Areas of complex roofs with multiple hips and valleys take a significant amount of time to calculate. Start by making a rough sketch of your roof. To simplify the calculation, divide the sketch into rectangles and right triangles (triangles with one 90-degree corner), then take as many measurements of the roof as you can to match the sides of the rectangles and triangles on the sketch.

Use visual cues from the existing roof shingles or roof sheathing to establish square lines off eaves edges or ridges. These cues will assist you as you measure the lengths of the sides of the rectangles and triangles. For example, the cutout slots on shingled roofs run perpendicular (90 degrees) to the eaves, and nail rows in sheathing are pretty close to square also. It is difficult sometimes to get accurate measurements. Do not get too concerned though; just round lengths to the nearest 6 in.

With the sketch filled in with measurements, you can ascertain the size of the roof area. The area of a rectangle is length multiplied by width, while the area of a right triangle is the length of the two sides that meet at the 90-degree corner multiplied together and divided by two (this works because a right triangle is half a rectangle).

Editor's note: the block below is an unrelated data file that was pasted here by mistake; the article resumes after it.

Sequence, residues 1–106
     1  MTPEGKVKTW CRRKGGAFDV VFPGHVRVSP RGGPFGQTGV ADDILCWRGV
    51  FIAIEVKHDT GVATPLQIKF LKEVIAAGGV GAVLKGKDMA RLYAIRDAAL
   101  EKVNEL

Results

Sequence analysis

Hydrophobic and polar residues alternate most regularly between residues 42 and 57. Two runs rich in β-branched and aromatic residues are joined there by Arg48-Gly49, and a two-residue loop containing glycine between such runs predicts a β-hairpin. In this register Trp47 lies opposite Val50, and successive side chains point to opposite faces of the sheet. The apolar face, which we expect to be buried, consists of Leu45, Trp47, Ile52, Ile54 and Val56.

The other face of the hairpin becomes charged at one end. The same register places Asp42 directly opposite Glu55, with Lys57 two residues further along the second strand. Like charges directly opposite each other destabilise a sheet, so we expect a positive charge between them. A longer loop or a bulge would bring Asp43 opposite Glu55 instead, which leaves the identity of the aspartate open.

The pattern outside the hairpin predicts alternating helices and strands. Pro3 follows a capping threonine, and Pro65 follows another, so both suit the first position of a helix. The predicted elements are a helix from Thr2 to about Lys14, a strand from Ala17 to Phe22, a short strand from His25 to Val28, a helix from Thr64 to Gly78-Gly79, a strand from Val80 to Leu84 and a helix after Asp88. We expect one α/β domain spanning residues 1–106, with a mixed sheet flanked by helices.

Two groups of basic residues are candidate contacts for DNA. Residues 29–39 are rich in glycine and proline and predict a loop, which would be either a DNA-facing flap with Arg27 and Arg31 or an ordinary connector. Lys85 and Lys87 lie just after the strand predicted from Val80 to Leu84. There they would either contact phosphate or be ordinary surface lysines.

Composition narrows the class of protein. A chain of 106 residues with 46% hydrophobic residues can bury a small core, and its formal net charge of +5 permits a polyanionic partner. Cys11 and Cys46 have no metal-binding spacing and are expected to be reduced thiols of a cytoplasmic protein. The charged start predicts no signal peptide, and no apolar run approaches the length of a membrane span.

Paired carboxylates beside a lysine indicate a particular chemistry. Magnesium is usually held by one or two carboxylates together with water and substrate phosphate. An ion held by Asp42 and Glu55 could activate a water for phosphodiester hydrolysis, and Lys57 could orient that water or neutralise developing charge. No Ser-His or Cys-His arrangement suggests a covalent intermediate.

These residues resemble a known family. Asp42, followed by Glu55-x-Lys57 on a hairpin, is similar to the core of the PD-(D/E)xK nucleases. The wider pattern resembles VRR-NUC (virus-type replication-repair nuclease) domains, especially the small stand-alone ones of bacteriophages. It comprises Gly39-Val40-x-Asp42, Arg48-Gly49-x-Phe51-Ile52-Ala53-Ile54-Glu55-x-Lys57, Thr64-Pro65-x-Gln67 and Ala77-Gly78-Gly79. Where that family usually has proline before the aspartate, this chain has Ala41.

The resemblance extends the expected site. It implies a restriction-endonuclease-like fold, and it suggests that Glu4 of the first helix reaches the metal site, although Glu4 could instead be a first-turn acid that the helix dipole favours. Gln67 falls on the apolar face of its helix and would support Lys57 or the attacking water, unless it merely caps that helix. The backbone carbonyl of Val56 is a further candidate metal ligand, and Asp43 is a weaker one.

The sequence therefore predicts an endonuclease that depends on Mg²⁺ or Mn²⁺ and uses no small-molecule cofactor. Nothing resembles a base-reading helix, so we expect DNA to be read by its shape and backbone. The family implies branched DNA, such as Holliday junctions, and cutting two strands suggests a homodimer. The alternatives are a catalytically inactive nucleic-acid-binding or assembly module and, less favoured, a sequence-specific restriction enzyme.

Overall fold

Calculate the square footages of all the rectangles and triangles, which will give you the total square footage for the roof.

Your roof is one of the most important structural elements of your house, and in order to complete a successful roofing project a substantial investment in both time and money is required. We highly recommend you hire a professional like AllPoint for roofing work, as it can be difficult to cover the costs of pricey mistakes. If you are undertaking the project yourself, it is critical to remember roof work can be a risky and potentially dangerous job. Anything you can do take less trips up and down the ladder to the roof lessens the chance of injury.